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Right Place, Right Drug, Wrong Strength

Valentina Jelincic, RPh, and Julie Greenall, RPh, MHSc | February 1, 2018
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The Case

A 2-year-old girl was admitted to a hospital burn unit for a 10% total body surface area burn on her face, upper chest, and back. She was being treated with oral acetaminophen around the clock and nonsteroidal anti-inflammatory drugs as needed for pain and discomfort. The patient underwent dressing changes and burn inspection every third day. On these days, she was also given oxycodone, which was highly effective and allowed her to rest the whole day.

One week into the hospital stay, the mother noticed the patient's breathing was very shallow after a dressing change. On examination, the patient was difficult to arouse and lethargic, and an arterial blood gas revealed CO2 retention and hypoxemia. While preparing to intubate, the physician reviewed that day's medications to identify possible causes of this sudden change in respiratory status. He discovered the patient had received oxycodone 3 times in less than 8 hours (1 dose prior to the dressing change and 2 doses after). The nurse checked the automated dispensing machine in which the oxycodone was stored and was surprised to find a higher concentration of oxycodone solution stored in place of the typical, lower concentration pediatric solution. Consequently, the dose administered to the patient was almost 5 times what was ordered.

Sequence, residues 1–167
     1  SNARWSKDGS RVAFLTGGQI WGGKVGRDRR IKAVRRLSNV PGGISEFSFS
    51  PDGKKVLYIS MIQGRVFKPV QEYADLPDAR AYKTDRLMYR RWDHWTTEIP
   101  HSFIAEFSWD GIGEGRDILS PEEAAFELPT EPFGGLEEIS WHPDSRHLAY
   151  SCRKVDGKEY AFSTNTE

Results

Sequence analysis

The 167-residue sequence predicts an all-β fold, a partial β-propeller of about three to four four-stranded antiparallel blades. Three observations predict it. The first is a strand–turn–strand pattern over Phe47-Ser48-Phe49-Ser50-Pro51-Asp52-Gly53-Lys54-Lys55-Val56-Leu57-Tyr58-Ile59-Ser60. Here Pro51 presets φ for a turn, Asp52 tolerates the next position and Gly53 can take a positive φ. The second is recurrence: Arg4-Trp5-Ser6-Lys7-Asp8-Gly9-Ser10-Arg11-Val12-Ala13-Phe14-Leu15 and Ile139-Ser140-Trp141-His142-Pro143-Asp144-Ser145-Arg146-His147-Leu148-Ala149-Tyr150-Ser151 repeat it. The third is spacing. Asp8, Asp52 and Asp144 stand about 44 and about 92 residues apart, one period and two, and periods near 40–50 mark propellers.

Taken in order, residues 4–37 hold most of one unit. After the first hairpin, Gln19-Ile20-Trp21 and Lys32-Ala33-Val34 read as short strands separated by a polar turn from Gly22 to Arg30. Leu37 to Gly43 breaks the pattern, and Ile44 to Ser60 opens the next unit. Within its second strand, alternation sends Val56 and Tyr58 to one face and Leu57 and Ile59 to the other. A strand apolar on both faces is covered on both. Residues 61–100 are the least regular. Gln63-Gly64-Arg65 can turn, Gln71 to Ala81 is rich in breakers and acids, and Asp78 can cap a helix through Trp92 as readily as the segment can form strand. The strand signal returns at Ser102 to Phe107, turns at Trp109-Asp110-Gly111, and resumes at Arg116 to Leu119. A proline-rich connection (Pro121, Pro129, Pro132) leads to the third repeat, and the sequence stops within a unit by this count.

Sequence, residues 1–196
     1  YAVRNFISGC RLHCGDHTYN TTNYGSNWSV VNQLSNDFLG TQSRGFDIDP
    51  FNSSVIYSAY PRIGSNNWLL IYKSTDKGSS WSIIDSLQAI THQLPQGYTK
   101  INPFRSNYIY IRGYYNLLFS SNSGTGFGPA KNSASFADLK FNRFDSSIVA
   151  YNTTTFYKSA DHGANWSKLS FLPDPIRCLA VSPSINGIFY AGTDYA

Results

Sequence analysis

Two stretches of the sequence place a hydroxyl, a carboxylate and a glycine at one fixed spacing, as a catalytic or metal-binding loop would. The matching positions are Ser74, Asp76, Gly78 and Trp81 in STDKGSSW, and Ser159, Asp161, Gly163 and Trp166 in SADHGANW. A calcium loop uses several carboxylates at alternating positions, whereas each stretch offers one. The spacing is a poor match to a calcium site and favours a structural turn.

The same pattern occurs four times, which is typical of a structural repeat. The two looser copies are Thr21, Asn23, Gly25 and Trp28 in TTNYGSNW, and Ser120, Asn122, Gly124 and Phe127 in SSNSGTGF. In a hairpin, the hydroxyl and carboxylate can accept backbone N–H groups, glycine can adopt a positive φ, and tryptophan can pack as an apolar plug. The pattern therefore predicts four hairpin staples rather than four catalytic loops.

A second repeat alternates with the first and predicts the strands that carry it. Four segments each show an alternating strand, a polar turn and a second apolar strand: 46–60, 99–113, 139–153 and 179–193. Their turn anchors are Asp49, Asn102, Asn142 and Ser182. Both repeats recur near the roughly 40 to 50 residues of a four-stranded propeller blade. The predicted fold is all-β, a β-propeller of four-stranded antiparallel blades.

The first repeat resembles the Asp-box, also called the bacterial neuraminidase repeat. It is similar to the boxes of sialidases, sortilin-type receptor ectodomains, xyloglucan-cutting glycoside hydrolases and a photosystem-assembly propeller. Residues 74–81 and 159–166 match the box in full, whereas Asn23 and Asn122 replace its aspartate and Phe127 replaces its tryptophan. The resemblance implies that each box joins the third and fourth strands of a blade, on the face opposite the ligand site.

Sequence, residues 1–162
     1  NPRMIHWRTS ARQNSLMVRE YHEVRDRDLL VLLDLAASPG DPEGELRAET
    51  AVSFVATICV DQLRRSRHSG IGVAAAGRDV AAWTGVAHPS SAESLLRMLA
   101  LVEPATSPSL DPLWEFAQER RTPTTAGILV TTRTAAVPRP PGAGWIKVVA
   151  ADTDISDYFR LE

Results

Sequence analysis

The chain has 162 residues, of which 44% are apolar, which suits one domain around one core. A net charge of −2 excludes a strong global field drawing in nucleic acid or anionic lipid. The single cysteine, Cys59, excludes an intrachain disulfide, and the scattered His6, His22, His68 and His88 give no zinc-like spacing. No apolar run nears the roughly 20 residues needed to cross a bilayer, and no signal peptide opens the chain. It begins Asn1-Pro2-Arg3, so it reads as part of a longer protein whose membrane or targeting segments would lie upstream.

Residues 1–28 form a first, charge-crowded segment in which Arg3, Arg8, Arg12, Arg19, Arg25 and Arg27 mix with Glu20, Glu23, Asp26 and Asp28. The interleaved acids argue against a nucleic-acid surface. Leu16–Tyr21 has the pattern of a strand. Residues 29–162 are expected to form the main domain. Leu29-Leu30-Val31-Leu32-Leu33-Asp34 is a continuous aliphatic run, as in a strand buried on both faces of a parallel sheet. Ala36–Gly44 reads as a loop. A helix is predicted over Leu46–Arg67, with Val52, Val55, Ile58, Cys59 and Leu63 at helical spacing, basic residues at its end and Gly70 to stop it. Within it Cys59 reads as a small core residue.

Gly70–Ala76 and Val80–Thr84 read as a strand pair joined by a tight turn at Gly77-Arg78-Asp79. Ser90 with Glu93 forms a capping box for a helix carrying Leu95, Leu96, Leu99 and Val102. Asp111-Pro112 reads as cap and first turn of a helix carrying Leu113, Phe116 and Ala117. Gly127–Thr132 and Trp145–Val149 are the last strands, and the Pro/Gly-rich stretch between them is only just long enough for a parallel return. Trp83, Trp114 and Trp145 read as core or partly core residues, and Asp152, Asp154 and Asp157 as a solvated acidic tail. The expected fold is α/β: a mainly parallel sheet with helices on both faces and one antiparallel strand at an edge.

After the physician and nurse recognized the error, the patient immediately received multiple doses of naloxone. Her breathing improved quickly, and intubation was avoided. The patient was monitored in the hospital for 1 week after the incident, did well, and was safely discharged home.

Root cause analysis (RCA) by the safety committee determined the higher concentration of oxycodone solution was incorrectly placed in the automated dispensing machine by a pharmacist who was working per diem. The RCA also found that the nurse did not check the concentration of the medication to be administered against the order written by the physician.

After the incident, multiple checkpoints were established in the pharmacy and a new protocol was established, with a special focus on pediatric medication doses. In-service training was provided to all the pharmacists, including those who work irregular shifts (e.g., overnight).

The Commentary

by Valentina Jelincic, RPh, and Julie Greenall, RPh, MHSc